How ULEZ, 20mph limits and LTNs became the latest frontline in UK culture wars

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There’s a whiff of desperation surrounding Rishi Sunak’s recent pro-driver posturing. After all, measures like 20mph limits, LTNs and low-emission zones stand to benefit us all – however we travel. Unfortunately, there’s nothing new about the weaponising of motoring issues.

During a decade of New Labour at the turn of the century, a pledge to halve road deaths was very nearly achieved. The downward trend would undoubtedly have continued had Cameron not fought back against a supposed ‘war on the motorist’ by removing many of the speed cameras introduced by the previous administration. It’s worth noting that since 2010 the number of UK road deaths has plateaued.

As Sunak knows, pro-driving rhetoric plays well with a significant proportion of the electorate not least because motoring is tied-up with whimsical notions of self-identity and personal freedom.

LTNs, 20mph limits, cycling infrastructure and, most recently, the idea of the 15-minute city have become a lightning rod for a host of broader (and often completely unrelated) frustrations. Perhaps some people object to these measures so viscerally because they challenge the status quo – signs of a tide that’s finally turning against decades of car-centric town planning.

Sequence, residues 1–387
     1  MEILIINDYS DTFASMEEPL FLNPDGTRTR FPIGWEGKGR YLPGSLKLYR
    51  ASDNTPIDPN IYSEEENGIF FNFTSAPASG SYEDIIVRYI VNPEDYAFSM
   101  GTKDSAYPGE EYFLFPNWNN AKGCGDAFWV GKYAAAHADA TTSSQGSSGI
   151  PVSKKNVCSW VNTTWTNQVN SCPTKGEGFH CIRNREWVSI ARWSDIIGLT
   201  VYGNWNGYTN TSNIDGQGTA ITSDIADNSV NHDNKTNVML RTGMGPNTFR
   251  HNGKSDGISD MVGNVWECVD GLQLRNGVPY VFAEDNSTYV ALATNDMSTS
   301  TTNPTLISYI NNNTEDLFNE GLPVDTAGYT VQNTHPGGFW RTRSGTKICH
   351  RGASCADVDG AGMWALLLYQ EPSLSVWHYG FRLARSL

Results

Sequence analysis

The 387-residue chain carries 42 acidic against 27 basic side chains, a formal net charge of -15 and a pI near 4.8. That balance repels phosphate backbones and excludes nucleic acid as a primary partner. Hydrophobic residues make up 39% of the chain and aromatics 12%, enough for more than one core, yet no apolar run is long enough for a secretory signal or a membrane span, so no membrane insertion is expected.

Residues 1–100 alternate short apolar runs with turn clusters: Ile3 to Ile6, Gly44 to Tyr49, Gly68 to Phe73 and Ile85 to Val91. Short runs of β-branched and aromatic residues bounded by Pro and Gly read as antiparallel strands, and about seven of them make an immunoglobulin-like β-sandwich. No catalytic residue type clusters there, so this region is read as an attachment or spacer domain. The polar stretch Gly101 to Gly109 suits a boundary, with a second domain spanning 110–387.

Rather than fuelling another culture war, Sunak could be guiding the UK towards a the greener, liveable future that we all need and deserve.

As part of our crowdfunded documentary about road danger, we spoke to Chris Boardman during his time as Greater Manchester’s first Cycling and Walking Commissioner about how Britain can move away from its car-dominated culture without alienating swathes of drivers.

Watch our documentary about road danger Stop Killing our Children

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